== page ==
Spouses who are about to undergo a divorce find themselves also facing a possible foreclosure on their property. Depending on if one partner wishes to retain the property as part of the divorce settlement or both partners want the house, you will have some choices to stop the foreclosure from occurring. One good way is to have your divorce lawyer to draw up a master divorce agreement. This will outline how the property is to be divided in the case of a divorce. Your divorce lawyer will help you decide if this is the best way to stop foreclosure from happening.
If you are already late in your mortgage payment but are able to make the payments then a refinance loan may be the right option for you. The lender will be more than willing to work with you to ensure that you can make your mortgage payment each month. When a spouse refinances they are taking on the debt of the other spouse which can prevent foreclosure of the property.
Another option is to apply for a refinance on the existing mortgage. In this instance one of the partners will need to provide documentation that they have been able to pay the mortgage in full. One of the partners may want to add the new spouse as a new primary mortgage holder on the property. When applying for a refinance with the lender, they will want to know exactly where the money is coming from. This is so they can determine if the interest rates are right for both individuals and not just one person.
One final way that you can stop a foreclosure is to have a 'no due-on-sale clause'. It states that the bank cannot auction the property unless there is a full and final signed purchase contract. This can be a very tricky option when dealing with a divorce because if one spouse has a 'no due-on-sale clause' it could give the lender leverage over the other spouse. However if there is no option for a due-on-sale clause in a mortgage contract one of the spouses can apply for a loan with a due-on-sale clause.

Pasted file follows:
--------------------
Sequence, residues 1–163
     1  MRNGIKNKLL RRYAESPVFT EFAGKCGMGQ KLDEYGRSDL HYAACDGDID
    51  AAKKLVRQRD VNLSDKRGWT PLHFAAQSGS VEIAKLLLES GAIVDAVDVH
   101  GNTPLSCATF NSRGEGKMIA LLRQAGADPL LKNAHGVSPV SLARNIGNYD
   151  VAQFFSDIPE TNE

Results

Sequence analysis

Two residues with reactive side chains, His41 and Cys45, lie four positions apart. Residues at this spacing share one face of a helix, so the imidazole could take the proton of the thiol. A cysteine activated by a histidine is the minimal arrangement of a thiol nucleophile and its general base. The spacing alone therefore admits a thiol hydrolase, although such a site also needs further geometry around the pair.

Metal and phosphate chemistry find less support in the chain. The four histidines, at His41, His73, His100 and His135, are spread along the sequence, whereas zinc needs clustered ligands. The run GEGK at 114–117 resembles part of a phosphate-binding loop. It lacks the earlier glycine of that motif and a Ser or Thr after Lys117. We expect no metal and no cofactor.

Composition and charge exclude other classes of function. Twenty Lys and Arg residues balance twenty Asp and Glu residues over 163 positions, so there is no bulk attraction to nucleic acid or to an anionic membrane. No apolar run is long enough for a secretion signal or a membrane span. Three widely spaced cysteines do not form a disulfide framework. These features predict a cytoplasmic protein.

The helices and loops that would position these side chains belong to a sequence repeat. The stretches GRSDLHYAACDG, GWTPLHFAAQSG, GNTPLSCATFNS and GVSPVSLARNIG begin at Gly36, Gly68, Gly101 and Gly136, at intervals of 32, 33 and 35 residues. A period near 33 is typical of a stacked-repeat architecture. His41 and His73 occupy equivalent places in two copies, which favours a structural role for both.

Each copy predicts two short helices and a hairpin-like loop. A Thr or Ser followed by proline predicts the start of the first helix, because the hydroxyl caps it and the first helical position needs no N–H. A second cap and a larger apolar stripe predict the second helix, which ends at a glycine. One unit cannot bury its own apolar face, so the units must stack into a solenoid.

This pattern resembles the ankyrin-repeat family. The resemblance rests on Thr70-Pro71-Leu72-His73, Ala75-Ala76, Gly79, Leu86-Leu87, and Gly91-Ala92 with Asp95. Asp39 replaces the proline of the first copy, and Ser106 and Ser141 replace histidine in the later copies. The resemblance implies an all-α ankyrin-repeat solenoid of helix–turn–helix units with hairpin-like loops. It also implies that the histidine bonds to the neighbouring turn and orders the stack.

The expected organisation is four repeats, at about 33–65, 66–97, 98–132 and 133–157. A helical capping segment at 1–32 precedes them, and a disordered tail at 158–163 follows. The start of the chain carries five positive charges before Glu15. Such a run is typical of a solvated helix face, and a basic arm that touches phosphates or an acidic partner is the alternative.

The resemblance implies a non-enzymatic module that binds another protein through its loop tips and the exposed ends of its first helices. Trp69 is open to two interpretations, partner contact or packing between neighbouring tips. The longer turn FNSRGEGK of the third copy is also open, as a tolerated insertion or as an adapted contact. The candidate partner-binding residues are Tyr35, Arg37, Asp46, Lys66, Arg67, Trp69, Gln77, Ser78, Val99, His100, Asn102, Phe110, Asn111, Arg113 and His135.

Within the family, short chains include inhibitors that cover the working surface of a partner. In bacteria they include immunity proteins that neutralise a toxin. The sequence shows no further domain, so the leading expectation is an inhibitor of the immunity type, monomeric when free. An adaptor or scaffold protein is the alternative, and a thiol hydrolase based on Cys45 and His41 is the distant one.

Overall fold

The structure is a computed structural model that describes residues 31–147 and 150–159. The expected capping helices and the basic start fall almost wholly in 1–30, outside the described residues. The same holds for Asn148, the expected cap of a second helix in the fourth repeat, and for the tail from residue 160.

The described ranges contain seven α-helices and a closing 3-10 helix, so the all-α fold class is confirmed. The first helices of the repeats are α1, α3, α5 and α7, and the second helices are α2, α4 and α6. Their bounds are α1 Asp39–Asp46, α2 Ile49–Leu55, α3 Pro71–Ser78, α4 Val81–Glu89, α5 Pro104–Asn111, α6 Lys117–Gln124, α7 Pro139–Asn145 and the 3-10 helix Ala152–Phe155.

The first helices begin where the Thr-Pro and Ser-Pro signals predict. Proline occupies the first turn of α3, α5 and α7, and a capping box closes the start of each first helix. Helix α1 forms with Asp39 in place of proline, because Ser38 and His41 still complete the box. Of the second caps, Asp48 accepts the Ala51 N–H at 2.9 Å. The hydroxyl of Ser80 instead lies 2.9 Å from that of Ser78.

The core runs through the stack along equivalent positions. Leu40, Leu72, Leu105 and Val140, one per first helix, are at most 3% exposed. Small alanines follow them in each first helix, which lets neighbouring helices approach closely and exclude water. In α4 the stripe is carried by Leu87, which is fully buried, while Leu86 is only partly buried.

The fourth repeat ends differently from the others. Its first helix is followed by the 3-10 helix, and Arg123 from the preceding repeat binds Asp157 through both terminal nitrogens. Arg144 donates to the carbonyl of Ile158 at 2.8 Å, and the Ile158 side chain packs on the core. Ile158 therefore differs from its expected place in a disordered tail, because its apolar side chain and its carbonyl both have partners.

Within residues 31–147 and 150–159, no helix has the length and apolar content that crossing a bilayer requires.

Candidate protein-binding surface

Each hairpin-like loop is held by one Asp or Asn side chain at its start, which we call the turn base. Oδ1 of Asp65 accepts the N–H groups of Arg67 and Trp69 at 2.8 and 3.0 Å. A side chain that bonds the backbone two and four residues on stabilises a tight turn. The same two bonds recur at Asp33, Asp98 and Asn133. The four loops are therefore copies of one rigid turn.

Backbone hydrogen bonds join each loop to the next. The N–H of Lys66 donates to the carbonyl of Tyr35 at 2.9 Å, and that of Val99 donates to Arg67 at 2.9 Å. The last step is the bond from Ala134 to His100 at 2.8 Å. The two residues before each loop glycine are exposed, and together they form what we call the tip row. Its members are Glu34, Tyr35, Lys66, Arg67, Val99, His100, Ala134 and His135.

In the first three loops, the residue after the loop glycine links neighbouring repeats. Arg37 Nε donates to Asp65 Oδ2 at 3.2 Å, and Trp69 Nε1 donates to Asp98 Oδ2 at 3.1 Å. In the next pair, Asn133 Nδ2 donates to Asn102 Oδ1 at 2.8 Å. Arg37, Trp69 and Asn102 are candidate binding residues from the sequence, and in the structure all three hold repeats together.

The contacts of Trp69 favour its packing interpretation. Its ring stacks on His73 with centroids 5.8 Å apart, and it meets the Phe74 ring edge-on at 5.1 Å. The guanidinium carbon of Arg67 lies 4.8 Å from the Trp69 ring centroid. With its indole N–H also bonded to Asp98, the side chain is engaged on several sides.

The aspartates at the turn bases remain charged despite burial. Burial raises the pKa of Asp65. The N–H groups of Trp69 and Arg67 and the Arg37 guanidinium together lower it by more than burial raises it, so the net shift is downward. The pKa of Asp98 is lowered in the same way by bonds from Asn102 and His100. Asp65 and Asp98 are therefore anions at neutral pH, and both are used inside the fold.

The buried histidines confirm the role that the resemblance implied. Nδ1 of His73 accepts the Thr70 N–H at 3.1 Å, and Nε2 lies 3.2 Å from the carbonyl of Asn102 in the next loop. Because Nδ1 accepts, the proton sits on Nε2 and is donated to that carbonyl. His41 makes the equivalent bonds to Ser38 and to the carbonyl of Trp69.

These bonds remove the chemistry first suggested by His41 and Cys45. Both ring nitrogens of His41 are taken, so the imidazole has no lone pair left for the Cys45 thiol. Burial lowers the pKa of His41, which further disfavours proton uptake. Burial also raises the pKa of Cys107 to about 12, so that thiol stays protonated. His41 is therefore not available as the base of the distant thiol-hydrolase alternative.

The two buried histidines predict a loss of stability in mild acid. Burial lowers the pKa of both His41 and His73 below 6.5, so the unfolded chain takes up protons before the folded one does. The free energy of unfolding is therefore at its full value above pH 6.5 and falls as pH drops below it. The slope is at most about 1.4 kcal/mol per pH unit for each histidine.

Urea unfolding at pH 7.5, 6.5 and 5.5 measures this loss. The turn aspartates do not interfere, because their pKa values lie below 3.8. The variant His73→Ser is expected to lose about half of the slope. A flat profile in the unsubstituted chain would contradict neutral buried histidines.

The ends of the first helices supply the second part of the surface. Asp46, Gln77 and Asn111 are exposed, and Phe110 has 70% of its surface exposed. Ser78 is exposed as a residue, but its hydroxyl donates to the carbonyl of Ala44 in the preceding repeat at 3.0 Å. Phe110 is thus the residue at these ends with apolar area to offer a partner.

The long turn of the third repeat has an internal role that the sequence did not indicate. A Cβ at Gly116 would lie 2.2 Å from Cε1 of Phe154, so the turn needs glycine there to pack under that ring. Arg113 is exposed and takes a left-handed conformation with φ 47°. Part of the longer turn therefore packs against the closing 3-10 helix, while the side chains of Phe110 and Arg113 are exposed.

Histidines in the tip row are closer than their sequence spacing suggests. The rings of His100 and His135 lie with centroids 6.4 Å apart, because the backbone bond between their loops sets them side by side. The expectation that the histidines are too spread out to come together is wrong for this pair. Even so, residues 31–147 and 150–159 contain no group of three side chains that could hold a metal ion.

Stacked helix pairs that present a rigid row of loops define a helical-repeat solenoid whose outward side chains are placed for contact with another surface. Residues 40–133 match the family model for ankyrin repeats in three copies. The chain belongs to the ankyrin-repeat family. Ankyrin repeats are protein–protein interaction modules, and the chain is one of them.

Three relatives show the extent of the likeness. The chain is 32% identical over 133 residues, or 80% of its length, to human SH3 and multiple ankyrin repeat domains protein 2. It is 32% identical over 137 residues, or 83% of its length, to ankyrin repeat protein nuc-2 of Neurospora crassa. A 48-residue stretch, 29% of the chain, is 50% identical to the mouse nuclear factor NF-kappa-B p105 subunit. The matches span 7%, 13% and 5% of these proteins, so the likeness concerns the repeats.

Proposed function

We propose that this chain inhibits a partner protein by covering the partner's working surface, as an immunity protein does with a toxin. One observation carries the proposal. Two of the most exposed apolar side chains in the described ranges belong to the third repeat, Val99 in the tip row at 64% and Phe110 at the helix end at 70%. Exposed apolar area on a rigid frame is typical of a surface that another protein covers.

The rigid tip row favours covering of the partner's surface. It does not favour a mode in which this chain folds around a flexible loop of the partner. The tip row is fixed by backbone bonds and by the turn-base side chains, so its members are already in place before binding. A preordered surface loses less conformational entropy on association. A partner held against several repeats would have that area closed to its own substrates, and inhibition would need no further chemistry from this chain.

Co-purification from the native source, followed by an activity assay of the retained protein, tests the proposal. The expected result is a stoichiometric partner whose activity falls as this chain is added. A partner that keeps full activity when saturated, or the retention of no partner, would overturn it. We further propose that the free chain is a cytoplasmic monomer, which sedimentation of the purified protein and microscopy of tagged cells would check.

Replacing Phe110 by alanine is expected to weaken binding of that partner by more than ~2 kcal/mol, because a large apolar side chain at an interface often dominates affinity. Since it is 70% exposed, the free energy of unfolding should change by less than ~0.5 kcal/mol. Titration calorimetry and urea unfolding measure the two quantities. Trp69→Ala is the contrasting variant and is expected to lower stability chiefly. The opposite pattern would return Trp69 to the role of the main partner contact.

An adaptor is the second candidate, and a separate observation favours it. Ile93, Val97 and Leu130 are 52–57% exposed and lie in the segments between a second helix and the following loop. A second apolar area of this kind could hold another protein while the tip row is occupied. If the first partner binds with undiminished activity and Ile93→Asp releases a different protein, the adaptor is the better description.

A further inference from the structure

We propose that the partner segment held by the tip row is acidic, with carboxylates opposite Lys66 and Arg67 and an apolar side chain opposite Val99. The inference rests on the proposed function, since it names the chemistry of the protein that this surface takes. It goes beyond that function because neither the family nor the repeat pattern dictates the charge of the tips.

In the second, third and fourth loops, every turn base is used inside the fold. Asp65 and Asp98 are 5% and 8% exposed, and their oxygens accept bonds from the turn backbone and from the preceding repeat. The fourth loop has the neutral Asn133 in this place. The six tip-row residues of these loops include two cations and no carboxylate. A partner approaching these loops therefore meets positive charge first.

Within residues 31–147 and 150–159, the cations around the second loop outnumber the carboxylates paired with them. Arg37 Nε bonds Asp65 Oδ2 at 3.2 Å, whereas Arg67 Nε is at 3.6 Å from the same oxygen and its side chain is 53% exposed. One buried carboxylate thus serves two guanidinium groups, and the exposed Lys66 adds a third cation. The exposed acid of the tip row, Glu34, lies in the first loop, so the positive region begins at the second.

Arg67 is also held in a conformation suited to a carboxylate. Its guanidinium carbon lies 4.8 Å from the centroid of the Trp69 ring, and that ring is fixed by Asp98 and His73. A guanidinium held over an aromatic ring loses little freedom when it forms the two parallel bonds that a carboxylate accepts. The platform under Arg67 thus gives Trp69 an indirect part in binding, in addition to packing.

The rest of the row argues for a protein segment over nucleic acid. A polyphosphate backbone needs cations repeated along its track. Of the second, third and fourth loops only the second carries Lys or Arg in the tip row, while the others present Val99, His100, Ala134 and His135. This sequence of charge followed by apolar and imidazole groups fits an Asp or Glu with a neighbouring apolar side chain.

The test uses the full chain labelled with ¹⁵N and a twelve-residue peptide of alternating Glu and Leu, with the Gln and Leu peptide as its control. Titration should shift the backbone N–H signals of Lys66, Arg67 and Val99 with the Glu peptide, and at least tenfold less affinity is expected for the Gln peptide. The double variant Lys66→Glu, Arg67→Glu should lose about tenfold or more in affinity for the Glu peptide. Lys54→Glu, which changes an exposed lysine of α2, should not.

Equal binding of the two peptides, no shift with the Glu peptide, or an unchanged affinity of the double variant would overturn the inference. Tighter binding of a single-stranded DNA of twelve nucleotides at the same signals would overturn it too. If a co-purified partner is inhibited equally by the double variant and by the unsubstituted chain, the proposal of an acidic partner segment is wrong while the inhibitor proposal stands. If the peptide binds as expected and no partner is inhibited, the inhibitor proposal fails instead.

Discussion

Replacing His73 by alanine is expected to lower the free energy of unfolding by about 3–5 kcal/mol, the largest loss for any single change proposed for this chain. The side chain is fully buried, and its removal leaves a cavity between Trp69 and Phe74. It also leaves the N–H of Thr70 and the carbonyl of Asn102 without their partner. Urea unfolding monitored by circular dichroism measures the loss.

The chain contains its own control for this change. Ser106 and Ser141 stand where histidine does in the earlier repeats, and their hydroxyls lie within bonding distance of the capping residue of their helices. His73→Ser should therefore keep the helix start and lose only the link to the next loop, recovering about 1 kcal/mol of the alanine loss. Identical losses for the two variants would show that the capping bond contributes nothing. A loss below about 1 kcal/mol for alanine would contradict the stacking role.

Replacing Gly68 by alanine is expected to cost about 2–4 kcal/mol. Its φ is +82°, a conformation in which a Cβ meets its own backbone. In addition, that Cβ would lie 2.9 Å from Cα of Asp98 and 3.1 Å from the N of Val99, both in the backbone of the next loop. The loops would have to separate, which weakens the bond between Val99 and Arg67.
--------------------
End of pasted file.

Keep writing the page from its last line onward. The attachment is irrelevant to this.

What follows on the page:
There are many ways to stop a foreclosure and one of the easiest is to stop the sale of the property by entering into a mortgage agreement. If a couple has a mortgage contract at their fingertips, they can enter into a mortgage agreement and stop the sale of the property. If a couple enters into a mortgage agreement but the contract does not contain a 'no due-on-sale clause', the lender can proceed with the sale of the property. The same is true if a promissory note or debt contract exists but it does not include a clause that would allow the lender to take possession of the property without first holding a deficiency judgment. A deficiency judgment is a lawsuit that is brought by the lender against the borrower for the balance of the mortgage.
In either situation, once the lender takes possession of the property, the proceeds from the sale of the property become the responsibility of the plaintiff. Usually a lender will not pursue a debtor for the proceeds of a sale if it is not able to collect on the mortgage loan. One spouse may be held financially liable for the entire mortgage amount while the other spouse has only a promissory note or debt obligation. The best thing to do is talk with an attorney experienced in divorce and foreclosure law. He or she will be able to help analyze your specific case and recommend the most effective solution.